Cde Steria: He was my senior and my commander. Ndiwo waiva mutemo wacho. So after this I walked back to my base. After this that’s when we heard that this group had arrested Cdes Gava, Takawira, Tichazvipedza, Simbi and other Zanla leaders. It was only in the evening that I heard about these arrests. One of the Frelimo comrades told us all that had happened. I was shocked. The next day, Badza, Nhari and his group came saying munhu wese ari kudiwa kuHQ. We went to the HQ and ikoko ndiko kwataka shungurudzwa. Vaiti makasara musina kuenda ku war front kureva kuti ndimi maidiwa nemashef. Maisara muchiitei vamwe vachienda kuhondo? They said a lot of things and vakatishungurudza. We tried to explain our situations but they would not listen. They were on a mission and nothing was going to stop them.
I think as all this was happening, some Frelimo comrades alerted their colleagues that things were not well in Zanla. Frelimo started mobilizing against this group.
SM: Do you know why Badza and Nhari were doing all this?
Cde Steria: It was about leadership. They wanted to take leadership of Zanla. Vakanga vatogovana zvigaro kudhara. They were saying as the commanders at the war front, they were supposed to be the leaders of Zanla. Badza, Nhari and Ndanga were leading this group. This was in 1975. If I am not mistaken, this group was later disarmed at Kaswende by some comrades with assistance from Frelimo. The group that disarmed them was called Gukurahundi. This group came in the middle of the night and captured all the comrades who were in support of Cde Badza and Cde Nhari. In the commotion, we were also captured as the comrades under Gukurahundi was accusing us of failing to repeal the Badza-Nhari rebellion. We tried to explain that these comrades came armed and there was nothing we could do but the comrades would not listen to us.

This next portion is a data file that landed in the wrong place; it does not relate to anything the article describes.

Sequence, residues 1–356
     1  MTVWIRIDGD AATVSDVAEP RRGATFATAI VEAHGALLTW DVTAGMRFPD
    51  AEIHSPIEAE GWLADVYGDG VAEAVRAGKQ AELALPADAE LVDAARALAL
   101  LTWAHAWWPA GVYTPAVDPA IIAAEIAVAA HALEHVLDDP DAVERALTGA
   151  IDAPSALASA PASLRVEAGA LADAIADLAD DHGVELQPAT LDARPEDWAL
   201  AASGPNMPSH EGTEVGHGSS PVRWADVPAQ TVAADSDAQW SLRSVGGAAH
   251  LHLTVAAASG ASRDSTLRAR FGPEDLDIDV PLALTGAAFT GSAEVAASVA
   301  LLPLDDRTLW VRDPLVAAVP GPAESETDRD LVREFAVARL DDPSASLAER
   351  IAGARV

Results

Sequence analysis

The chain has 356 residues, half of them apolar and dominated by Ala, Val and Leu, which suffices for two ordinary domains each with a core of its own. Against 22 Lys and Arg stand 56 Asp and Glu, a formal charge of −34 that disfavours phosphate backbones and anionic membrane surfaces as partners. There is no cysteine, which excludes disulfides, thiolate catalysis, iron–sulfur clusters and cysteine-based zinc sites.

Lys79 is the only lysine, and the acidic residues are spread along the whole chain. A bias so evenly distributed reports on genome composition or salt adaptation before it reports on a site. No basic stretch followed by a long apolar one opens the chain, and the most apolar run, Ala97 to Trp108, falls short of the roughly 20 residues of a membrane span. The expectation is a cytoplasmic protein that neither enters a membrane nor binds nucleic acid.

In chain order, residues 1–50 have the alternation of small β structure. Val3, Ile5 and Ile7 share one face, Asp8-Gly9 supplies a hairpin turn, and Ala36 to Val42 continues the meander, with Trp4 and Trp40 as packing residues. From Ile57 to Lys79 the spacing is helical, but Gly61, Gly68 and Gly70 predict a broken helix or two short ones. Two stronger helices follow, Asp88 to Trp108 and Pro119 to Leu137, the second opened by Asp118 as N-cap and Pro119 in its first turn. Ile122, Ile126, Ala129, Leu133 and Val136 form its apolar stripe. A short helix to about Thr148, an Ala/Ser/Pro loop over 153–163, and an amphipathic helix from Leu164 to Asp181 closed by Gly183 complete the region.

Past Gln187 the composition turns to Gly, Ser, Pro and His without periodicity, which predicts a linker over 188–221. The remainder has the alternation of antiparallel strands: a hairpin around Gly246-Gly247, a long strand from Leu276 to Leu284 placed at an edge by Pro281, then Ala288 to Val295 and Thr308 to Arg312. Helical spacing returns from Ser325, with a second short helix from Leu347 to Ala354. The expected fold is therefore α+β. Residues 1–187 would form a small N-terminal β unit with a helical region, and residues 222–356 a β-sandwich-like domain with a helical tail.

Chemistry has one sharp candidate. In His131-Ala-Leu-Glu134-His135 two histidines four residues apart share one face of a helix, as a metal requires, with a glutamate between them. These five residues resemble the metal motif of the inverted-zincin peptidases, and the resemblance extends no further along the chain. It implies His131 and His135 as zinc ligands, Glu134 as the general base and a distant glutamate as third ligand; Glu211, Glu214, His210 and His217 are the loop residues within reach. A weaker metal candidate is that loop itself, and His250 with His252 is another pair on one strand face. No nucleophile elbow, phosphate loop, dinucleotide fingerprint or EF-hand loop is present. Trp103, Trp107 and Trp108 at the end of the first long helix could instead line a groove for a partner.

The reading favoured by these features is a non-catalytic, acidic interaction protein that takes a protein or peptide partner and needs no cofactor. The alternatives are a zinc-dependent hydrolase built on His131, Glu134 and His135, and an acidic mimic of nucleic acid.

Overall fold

SM: You are saying you were being accused of failing to repeal this rebellion. What is it that you did to show that you were against the Nhari-Badza rebellion?
Cde Steria: We didn’t know what was happening exactly. I remember we were later told that one of the female comrades, Cde Chipo Mafararikwe is the one who escaped from Chifombo and alerted leaders like Rex Nhongo and Mayor Urimbo about what was going on. I personally didn’t know what exactly was going on.
SM: But you actually saw some of the Zanla leaders who had been arrested by Cde Nhari and Badza?
Cde Steria: Yes, I saw some of them at Teresera base. They were tied to some trees. But when they left Chifombo I remember vakanga vakasungwa netambo one.
SM: How did you go to Teresera where these leaders were being kept by Nhari and Badza?
Cde Steria: The leaders of this rebellion actually took us to Teresera. They were saying “we want to show you what we do to sell-outs.” When we got to Teresera, the one comrade I managed to see at close range while tied to a tree was Cde Josiah Tungamirai. After a while, we were taken back to Chifombo.
SM: Who are some of the comrades you were with who were against this rebellion?
Cde Steria: Umm, there were many. I remember many comrades were wondering what was going on.
SM: We still don’t understand why you didn’t do something if you were against this rebellion?
Cde Steria: The biggest problem was that while in our bases, many of us didn’t know our way to Lusaka. We only got little information from the Frelimo comrades. Remember this was a rebellion and this group was showing that it was ready to even kill. They had arrested some of our leaders and this instilled fear in us. Also, as comrades we now didn’t trust each other. We could see something was wrong but we couldn’t do anything about it.
SM: When you were taken to Teresera base, what was the condition of the captured leaders?
Cde Steria: It was bad. I remember Cde Silas Chamisa, who later died together with Cde Chitepo could not even walk when he was rescued.
SM: After the rescue what happened to Badza and Nhari?
Cde Steria: I don’t know.
Don’t miss your copy of The Sunday Mail next week as Cde Steria talks about the country’s biggest sellout during the liberation struggle Morris Nyathi and the massacre at Chomoio..